On Thursday evening, I was denied entry into Burton Dining Hall. Slung around my shoulder was my reliable 6” x 10” x 2” yellow purse, completely equipped with buttons on the front flap and containing all of my most vital personal belongings. I was informed that before I could be swiped in, I would need to leave my purse behind. Needless to say, as any citizen aware of a line being crossed, I told the dining hall employee that this was a ridiculous policy and stormed away.
In a country where McDonald’s has to label their coffee cup lids “Caution: Contents may be hot” for fear of liability, I fail to understand how Carleton allows Bon Appetit to require students to relinquish their backpacks, sportsbags, waterbottles and, now, purses before entering. Not only is it an eyesore and a general inconvenience to anyone walking through the LDC, it is an affront to the tens of thousands of dollars I am obliged to pay for my board, regardless of whether I choose to dine on-campus.
A fight to increase Minnesota’s grant program for higher education: An open letter from state official Terry Morrow
For 25 years, the Minnesota State Grant program has enabled and encouraged students to choose the college that best suits their needs. By offering a hand to low- and middle-income students, Minnesota remains true to its vision of education for everyone. This critically important tuition assistance helps students and families invest in the education that ultimately serves our entire state. Economists and business leaders consistently cite Minnesota’s educated workforce as one of our state’s essential economic assets.
To maintain this attractive advantage, we must maintain the investment. Students visiting the capitol this year have stressed the importance of the State Grant program. The federal recovery act offers an opportunity to increase Minnesota’s grant program by 25%. The House Higher Education Finance bill turns this opportunity into reality. It reduces the student share on tuition and increases funding for work study, living expenses, and more.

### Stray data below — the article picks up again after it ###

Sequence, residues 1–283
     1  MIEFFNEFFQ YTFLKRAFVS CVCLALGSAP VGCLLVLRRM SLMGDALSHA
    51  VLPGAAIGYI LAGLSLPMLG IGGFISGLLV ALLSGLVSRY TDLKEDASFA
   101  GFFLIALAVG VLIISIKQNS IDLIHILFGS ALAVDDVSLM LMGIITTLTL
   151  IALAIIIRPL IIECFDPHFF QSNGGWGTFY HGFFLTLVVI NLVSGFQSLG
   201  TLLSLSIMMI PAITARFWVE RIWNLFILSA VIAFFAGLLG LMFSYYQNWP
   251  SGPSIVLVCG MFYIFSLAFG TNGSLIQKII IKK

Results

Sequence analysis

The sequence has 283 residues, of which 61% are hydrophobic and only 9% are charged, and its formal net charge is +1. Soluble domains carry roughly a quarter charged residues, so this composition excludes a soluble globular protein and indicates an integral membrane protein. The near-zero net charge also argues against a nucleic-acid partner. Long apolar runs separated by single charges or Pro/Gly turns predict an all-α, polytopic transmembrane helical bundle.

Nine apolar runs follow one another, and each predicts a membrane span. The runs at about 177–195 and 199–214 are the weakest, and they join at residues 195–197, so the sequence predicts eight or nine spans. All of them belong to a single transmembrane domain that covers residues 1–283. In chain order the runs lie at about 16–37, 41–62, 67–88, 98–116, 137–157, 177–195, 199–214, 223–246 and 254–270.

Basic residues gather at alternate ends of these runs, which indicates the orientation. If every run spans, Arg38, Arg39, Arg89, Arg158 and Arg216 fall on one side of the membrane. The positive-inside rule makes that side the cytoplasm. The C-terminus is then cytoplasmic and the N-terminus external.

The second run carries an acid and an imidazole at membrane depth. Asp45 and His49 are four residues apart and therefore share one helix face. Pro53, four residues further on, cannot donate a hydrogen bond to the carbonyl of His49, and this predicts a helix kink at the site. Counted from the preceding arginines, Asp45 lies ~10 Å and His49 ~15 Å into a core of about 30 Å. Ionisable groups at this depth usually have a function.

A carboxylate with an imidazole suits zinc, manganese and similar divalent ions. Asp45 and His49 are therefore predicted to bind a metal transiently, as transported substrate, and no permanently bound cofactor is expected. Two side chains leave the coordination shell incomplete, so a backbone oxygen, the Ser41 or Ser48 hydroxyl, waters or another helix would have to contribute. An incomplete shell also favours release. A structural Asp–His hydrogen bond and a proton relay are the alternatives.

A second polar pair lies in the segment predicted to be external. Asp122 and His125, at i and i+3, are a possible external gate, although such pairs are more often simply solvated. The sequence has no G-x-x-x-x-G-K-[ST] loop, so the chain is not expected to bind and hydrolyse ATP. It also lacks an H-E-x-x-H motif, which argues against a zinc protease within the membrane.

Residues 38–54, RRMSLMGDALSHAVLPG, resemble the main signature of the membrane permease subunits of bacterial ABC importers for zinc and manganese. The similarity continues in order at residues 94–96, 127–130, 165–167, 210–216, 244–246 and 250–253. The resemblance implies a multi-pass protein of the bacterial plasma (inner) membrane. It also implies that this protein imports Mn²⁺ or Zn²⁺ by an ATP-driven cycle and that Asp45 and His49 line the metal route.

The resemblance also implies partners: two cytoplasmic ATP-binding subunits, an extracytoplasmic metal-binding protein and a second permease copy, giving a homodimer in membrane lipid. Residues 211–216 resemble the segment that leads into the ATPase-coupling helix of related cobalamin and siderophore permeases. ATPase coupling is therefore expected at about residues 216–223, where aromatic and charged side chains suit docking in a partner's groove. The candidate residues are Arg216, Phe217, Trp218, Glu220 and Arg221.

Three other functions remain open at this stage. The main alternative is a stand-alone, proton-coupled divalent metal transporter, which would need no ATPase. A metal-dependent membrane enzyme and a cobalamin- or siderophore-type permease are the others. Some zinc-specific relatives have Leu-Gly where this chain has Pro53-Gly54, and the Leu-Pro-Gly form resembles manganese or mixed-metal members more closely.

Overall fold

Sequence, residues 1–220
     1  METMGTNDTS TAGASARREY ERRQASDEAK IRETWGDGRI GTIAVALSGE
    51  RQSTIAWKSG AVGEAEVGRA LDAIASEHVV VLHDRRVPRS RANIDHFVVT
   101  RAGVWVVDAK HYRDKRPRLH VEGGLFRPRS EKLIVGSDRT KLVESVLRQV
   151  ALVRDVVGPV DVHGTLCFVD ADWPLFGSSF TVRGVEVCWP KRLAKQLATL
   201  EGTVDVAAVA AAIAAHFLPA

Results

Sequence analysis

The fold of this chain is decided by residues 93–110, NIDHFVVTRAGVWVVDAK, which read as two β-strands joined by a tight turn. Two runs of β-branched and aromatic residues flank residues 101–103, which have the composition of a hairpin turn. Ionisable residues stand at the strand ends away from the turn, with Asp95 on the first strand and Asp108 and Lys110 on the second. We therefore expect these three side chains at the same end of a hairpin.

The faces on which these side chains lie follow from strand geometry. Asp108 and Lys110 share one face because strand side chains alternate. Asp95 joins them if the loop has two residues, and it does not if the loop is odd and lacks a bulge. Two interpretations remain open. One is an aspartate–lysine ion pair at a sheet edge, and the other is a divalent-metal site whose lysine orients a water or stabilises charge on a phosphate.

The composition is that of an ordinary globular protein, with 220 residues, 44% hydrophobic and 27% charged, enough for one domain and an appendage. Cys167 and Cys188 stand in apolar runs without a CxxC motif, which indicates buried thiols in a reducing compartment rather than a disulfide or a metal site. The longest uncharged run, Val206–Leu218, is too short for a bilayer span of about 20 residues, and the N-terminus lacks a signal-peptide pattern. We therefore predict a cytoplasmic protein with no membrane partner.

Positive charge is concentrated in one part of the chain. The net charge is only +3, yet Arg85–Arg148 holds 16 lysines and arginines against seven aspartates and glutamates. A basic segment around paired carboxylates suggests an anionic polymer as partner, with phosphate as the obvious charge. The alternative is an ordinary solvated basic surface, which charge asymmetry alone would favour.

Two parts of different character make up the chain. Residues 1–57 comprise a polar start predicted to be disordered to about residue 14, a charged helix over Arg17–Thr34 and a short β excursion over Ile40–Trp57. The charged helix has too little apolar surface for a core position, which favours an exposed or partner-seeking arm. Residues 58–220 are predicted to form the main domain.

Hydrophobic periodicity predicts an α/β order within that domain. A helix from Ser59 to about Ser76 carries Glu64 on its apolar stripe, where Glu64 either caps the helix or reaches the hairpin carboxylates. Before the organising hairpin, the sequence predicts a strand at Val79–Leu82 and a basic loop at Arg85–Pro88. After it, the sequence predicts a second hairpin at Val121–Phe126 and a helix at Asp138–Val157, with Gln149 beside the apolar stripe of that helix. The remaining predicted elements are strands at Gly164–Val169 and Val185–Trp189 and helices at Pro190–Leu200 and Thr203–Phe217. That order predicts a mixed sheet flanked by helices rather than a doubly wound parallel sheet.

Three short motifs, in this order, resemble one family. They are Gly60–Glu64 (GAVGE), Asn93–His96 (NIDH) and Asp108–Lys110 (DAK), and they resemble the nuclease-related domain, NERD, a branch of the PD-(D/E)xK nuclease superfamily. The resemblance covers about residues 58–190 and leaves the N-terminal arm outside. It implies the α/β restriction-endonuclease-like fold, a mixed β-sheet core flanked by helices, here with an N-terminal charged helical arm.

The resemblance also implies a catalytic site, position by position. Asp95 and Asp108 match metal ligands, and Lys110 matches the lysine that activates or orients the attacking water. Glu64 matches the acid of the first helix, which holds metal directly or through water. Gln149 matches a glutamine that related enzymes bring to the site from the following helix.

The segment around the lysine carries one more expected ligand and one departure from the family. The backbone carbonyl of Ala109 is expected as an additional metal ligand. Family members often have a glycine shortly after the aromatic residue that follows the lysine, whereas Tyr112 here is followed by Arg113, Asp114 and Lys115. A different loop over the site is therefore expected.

In many senses, the season of spring is the season of renewal. The cold has passed and the snow has melted and the weather has begun to warm, if only by daily increments (though every year it seems to take longer and longer). With the warming of the weather comes the return of birds, bees, and Frisbees. At Carleton the return of spring is even more pronounced with the end of Comps – Carleton’s often-dreaded Comprehensive Senior Projects.
Roughly six months ago, gas prices were at record highs. People were furious across the nation. Suddenly, it seemed like a good idea for cars to get better gas mileage. The nation’s auto industry was not making the cars that Americans now want to drive.
An open letter to the Vice President and Treasurer: Carleton’s investment policies could affect genocide
Dear Mr. Vice President and Treasurer Rogers,
After being unable to reach you via email fall term, we are again attempting to contact you with this open letter. The situation in Darfur particularly, and Sudan generally, has not improved since then. In fact, with the recent International Criminal Court warrant for President Omar Hassan al-Bashir’s arrest, humanitarian aid agencies have been kicked out of Sudan and the situation is deteriorating more rapidly than ever.